How Washington Contractors Can Ensure Prompt Payment for Completed Work

Almost every state, including Washington (as well as Alaska and Oregon), now has some form of prompt payment regulation in their statutory scheme.[i]  These laws obligate owners and contractors to pay invoices within a specific time frame or face interest on their debt and in many instances attorneys’ fees.  These laws were created in an effort to provide protection against nonpayment to contractors and subcontractors.

In Washington, when a public body wishes to withhold payment for unsatisfactory performance, or if the payment request does not comply with the contracted amount, the public entity must notify the prime contractor within eight working days of the defective performance.  After the contractor satisfactorily completes the actions described in the notice, the public body must pay within 30 calendar days.  If payment is not received in that time, interest will begin accruing at a rate of 1% per month.[ii]  In the event of a dispute over the unpaid sums, the prevailing party is awarded attorneys’ fees.[iii]  This legislation is beneficial to contractors, who have the leverage of interest accrual to entice payment by the public entities that hired them.

Unlike in many states, where the prompt payment laws apply to contracts across the board, Washington’s prompt payment statute does not apply to private contracts.  Compare Vermont’s Prompt Payment Act, which operates similarly to Washington’s except that it applies to both public and private contracts.[iv]  The Vermont Supreme Court has read this legislation to require owners and contractors to pay all undisputed amounts of invoices up front, and only allow contractors and owners to withhold the amount that is in dispute that exceeds the agreed contract price.[v]

Although Washington’s legislation is not as broad as Vermont’s, Washington contractors in the private sphere may not be entirely without a remedy.  In 2006, the Washington Court of Appeals, Division I, held that progress payments from an owner to a general contractor, when based on standard form contracts like AIA, act as a “trust fund” for the benefit of the subcontractor.[vi]  Effectively, the Court’s decision makes using those funds for payments on other debts a “tortious conversion.”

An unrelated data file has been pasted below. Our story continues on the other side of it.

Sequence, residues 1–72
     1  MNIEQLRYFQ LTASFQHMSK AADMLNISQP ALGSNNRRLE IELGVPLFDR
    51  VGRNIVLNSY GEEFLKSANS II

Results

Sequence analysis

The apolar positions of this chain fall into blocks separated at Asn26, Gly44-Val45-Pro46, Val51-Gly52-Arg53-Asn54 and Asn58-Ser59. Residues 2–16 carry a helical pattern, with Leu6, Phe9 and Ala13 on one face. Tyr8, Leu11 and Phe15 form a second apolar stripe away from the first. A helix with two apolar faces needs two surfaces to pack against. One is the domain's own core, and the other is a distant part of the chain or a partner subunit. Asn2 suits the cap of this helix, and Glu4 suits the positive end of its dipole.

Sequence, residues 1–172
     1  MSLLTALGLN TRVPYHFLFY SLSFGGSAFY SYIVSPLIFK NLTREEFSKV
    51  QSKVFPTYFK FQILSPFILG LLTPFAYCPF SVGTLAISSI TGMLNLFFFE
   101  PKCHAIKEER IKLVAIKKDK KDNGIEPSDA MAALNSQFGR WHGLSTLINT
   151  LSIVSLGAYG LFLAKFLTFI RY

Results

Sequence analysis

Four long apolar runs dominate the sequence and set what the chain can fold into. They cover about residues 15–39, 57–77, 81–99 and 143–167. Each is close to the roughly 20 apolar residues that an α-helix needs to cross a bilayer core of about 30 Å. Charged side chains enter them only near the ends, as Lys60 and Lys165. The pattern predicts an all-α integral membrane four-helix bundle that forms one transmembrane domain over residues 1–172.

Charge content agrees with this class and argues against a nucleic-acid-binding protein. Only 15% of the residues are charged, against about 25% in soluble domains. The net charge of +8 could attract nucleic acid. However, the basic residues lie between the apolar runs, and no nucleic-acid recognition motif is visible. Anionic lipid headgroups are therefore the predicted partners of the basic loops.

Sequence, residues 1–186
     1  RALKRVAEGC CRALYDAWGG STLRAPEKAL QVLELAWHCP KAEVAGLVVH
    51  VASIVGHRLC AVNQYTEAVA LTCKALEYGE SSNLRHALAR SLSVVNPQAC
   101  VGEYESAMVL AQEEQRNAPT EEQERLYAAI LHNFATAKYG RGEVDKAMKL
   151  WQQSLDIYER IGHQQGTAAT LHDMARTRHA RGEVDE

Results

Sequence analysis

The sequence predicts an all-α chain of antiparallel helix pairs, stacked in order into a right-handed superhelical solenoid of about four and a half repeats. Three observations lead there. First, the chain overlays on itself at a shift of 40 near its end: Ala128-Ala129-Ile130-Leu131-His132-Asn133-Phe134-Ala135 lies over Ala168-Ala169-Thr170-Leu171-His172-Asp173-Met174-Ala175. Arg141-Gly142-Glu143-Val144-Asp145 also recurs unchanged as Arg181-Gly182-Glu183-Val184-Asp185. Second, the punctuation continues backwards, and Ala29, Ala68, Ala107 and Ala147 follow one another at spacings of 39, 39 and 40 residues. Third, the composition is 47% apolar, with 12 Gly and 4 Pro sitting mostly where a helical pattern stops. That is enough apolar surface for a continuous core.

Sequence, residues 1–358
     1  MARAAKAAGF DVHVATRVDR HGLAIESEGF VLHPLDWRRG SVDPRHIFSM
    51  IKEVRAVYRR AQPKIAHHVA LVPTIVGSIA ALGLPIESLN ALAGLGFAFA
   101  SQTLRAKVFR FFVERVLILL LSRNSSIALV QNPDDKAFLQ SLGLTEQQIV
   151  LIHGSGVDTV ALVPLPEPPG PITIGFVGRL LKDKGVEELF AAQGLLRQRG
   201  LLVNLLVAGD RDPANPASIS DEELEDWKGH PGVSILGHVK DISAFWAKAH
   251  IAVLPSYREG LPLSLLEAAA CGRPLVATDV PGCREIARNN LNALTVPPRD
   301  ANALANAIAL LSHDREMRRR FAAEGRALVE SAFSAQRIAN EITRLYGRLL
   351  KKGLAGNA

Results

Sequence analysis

In Westview Investments, Ltd.,[vii] a general contractor kept funds designated in subcontracts in an account with the same bank that financed the project.  The bank used those funds to offset payments they were owed by the general contractor on other projects and other debts.  The court found that this was unfair to the subcontractors to whom the money was owed because the banks had sufficient knowledge about the projects (enough to know that those funds may be for the purpose of a trust to pay the subcontractors).

In essence, the Court found that banks may be liable for misappropriating trust funds when they use these funds to pay down the borrower’s debt to the bank before paying subcontractors who performed work on the project.  Although this case was a big win for subcontractors, it is a narrow holding.  Without a legislative prompt payment mandate for private contracts, Washington contractors must still work within limited judicial opportunities to demand payment for their work.

Comment:  For more information and background on the Washington Prompt Payment Act, see Ahlers & Cressman blog article Unbalanced Bids – Hidden Dangers.  Oregon’s Prompt Payment Act pertains to private contracts as well as public contracts.  Washington and Alaska’s Prompt Payment Acts only applied to public works projects.  Washington does not have a trust fund statute, however, it appears that, at least as to this one case, the Court of Appeals was willing to impose a trust on the funds received by a bank and did not permit the bank to offset debts of the general contractor from the funds that had been earned by subcontractors for that particular project. Under this narrow holding, the burden to convince a court to impose a trust on funds earned by general contractor is a steep one.


[i] Eckert Seamans Cherin Mellott, LLC, Fifty State Survey of Prompt Payment Acts for Construction Contracts, (April 10, 2012), available at

[ii] RCW 39.76.011

[iii] RCW 39.76.040

[iv] 9 V.S.A. 4007

[v] Dorr v. LaCoste, 2013 WL 2924160 (Vt. June 12, 2013) (Unpublished Opinion).

[vi] Westview Investments, Ltd. v. U.S. Bank Nat. Ass’n, 133 Wn. App. 835, 845, 138 P.3d 638 (2006).

[vii] Id.

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